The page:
Social Stratification on Caste, Class, and Ethnicity 

Lundberg states,

“A stratified society is one marked by inequality, by differences among people that are evaluated by them as being lower and higher”.

Social stratification is a form of social inequality. It refers to the practice of segregating social groups based on prestige, wealth, and power possessed by the members of the social group. In other words, it is the allocation of groups and individuals based on social hierarchies of differing status, power, wealth, and prestige. It refers to the inequality associated with the social status of an individual.

Social Stratification on Caste

Caste in social stratification is based on the transmission of lifestyle, hereditary, and endogamy that involves a hierarchy status, occupation, and customary social practice of exclusion that revolves around purity. In ancient India, there existed a practice called ‘untouchability’. Individuals who belonged to low caste were not allowed to enter temples and were treated with discrimination. They were considered to be impure and therefore, regarded as untouchables.

Social Stratification on Class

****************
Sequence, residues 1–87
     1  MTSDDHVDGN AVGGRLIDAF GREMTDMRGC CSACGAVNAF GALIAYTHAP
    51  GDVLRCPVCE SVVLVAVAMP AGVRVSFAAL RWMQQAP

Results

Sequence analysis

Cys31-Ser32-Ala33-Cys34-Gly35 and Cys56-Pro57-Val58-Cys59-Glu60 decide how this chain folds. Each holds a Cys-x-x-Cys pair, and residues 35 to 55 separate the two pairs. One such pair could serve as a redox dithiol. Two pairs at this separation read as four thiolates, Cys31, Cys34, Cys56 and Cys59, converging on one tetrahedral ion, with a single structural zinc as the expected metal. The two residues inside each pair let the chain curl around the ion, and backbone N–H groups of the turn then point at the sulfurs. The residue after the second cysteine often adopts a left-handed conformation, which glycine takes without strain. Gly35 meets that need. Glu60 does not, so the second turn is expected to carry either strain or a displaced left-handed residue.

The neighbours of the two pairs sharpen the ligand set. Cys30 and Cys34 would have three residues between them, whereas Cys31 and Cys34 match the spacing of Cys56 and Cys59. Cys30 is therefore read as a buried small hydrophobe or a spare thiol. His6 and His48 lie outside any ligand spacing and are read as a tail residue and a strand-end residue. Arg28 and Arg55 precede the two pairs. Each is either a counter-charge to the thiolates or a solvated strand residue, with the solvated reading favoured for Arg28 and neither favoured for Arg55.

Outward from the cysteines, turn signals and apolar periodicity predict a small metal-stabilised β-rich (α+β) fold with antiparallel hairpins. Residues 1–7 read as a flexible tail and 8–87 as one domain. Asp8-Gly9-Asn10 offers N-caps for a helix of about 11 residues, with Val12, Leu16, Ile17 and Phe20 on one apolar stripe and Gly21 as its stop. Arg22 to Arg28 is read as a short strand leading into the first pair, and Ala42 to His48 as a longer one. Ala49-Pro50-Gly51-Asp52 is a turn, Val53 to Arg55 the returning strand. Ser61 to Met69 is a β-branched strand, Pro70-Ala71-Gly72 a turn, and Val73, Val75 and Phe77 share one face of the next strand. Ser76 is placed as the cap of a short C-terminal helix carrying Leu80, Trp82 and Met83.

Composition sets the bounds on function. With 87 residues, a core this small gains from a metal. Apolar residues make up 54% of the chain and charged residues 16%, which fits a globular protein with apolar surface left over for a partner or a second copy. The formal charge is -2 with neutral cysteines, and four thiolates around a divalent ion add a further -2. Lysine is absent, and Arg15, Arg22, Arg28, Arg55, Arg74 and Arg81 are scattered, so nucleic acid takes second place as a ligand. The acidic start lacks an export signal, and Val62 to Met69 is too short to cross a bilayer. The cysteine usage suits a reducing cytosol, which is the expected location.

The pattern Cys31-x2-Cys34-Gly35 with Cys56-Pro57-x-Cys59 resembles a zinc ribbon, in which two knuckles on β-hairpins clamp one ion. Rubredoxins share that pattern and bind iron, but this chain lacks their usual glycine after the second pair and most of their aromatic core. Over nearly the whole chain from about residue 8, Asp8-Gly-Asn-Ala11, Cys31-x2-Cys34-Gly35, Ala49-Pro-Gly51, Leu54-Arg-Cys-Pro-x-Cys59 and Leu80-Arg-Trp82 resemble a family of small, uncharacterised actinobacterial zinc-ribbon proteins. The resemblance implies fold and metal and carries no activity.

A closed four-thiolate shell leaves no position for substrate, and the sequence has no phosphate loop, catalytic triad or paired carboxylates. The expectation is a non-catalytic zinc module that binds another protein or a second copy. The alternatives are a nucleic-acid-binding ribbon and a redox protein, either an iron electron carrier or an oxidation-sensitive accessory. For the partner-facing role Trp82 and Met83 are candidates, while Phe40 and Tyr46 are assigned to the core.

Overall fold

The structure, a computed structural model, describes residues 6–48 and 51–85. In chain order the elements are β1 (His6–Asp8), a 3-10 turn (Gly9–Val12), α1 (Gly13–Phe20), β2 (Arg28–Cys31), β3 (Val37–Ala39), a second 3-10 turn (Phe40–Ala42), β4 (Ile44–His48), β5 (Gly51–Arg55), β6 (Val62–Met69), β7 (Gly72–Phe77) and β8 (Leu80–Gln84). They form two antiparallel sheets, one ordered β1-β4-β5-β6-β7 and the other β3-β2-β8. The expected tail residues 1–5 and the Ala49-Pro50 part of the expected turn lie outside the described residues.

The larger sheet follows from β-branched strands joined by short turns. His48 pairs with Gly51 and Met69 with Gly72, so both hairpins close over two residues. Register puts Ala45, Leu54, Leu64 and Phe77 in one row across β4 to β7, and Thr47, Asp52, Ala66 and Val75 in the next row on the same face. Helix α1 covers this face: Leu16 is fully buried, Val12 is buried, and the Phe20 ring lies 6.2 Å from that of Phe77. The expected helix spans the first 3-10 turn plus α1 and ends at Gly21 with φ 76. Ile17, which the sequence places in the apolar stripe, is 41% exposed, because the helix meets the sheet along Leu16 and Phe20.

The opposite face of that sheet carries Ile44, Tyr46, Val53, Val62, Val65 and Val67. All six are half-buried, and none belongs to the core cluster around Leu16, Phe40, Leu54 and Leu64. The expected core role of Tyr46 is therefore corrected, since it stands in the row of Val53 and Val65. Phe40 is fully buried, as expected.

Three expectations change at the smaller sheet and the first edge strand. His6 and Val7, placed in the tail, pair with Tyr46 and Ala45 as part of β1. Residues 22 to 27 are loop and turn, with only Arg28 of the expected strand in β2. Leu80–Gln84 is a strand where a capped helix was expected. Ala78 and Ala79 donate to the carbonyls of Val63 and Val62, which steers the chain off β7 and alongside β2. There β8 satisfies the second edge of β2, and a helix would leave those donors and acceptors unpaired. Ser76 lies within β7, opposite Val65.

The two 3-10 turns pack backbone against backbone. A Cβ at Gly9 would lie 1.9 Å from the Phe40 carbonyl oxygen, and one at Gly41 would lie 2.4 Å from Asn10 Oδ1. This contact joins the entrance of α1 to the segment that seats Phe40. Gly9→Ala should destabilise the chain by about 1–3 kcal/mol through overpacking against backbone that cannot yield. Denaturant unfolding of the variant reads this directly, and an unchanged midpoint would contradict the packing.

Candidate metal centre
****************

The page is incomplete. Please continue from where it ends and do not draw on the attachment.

Social stratification based on social class and status is the ranking of individuals and groups on a social hierarchy. This ranking depends on the honor, prestige, wealth, and property held by an individual or group in society. In social stratification, inequality is based entirely on social factors and not on biological factors. Biological traits such as intelligence, skin color, gender, and the like do not cause social stratification. Social stratification is different in every society. For instance, the Aryan society was segregated into the Brahmins, Kshatriyas, Vaishyas, and the Sudras.

Social Stratification on Ethnicity

Ethnicity refers to the differences existing in cultural factors of individuals and groups rather than physical factors. In social stratification based on ethnicity, inequality occurs on the basis of the fixed memberships of individuals or groups such as nationality, religion, race, or social position. This leads to differences in rewards and opportunities.

Malvin M. Tumin states,

“Social stratification refers to arrangements of any social group or society into a hierarchy of positions that are unequal with regard to power, property, social evaluation, and/or social gratification.”

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